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A systematic approach for developing a corpus of patient reported adverse drug events: A case study for SSRI and SNRI medications.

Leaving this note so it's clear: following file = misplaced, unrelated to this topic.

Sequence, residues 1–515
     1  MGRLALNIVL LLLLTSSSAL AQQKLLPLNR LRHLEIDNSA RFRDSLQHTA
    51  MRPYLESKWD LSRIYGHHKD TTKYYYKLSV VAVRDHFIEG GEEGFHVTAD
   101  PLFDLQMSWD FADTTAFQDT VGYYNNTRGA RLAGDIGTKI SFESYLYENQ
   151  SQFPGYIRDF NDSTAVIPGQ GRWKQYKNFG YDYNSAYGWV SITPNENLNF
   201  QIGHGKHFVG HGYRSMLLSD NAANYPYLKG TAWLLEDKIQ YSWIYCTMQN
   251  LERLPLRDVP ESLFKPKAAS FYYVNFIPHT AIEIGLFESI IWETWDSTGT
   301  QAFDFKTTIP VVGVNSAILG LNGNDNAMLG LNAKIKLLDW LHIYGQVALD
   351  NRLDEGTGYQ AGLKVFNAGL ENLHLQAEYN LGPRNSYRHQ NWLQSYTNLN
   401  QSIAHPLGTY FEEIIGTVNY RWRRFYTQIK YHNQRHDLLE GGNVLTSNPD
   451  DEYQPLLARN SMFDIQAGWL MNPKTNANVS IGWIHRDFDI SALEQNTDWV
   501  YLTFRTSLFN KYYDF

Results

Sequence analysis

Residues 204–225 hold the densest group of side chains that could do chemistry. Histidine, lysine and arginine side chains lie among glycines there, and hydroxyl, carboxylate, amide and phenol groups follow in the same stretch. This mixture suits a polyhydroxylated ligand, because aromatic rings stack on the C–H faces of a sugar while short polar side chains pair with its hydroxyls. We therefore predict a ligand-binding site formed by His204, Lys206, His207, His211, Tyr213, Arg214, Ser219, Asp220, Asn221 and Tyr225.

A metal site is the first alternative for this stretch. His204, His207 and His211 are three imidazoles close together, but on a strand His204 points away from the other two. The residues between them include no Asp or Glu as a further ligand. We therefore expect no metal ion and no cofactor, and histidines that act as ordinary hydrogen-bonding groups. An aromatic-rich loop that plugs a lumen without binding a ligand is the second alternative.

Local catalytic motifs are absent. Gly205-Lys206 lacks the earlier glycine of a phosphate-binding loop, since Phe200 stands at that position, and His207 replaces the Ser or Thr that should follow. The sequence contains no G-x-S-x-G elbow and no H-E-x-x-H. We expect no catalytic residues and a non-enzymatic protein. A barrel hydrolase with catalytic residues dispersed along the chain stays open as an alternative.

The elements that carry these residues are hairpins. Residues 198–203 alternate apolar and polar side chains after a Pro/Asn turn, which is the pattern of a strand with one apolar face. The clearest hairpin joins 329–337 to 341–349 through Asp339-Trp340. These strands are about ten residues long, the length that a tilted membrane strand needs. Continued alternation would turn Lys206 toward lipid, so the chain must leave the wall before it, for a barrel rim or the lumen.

"Psychiatric Treatment Adverse Reactions" (PsyTAR) corpus is an annotated corpus that has been developed using patients narrative data for psychiatric medications, particularly SSRIs (Selective Serotonin Reuptake Inhibitor) and SNRIs (Serotonin Norepinephrine Reuptake Inhibitor) medications. This corpus consists of three main components: sentence classification, entity identification, and entity normalization. We split the review posts into sentences and labeled them for presence of adverse drug reactions (ADRs) (2168 sentences), withdrawal symptoms (WDs) (438 sentences), sign/symptoms/illness (SSIs) (789 sentences), drug indications (517), drug effectiveness (EF) (1087 sentences), and drug infectiveness (INF) (337 sentences). In the entity identification phase, we identified and extracted ADRs (4813 mentions), WDs (590 mentions), SSIs (1219 mentions), and DIs (792). In the entity normalization phase, we mapped the identified entities to the corresponding concepts in both UMLS (918 unique concepts) and SNOMED CT (755 unique concepts). Four annotators double coded the sentences and the span of identified entities by strictly following guidelines rules developed for this study. We used the PsyTAR sentence classification component to automatically train a range of supervised machine learning classifiers to identifying text segments with the mentions of ADRs, WDs, DIs, SSIs, EF, and INF. SVMs classifiers had the highest performance with F-Score 0.90. We also measured performance of the cTAKES (clinical Text Analysis and Knowledge Extraction System) in identifying patients' expressions of ADRs and WDs with and without adding PsyTAR dictionary to the core dictionary of cTAKES. Augmenting cTAKES dictionary with PsyTAR improved the F-score cTAKES by 25%. The findings imply that PsyTAR has significant implications for text mining algorithms aimed to identify information about adverse drug events and drug effectiveness from patients' narratives data, by linking the patients' expressions of adverse drug events to medical standard vocabularies. The corpus is publicly available at Zolnoori et al.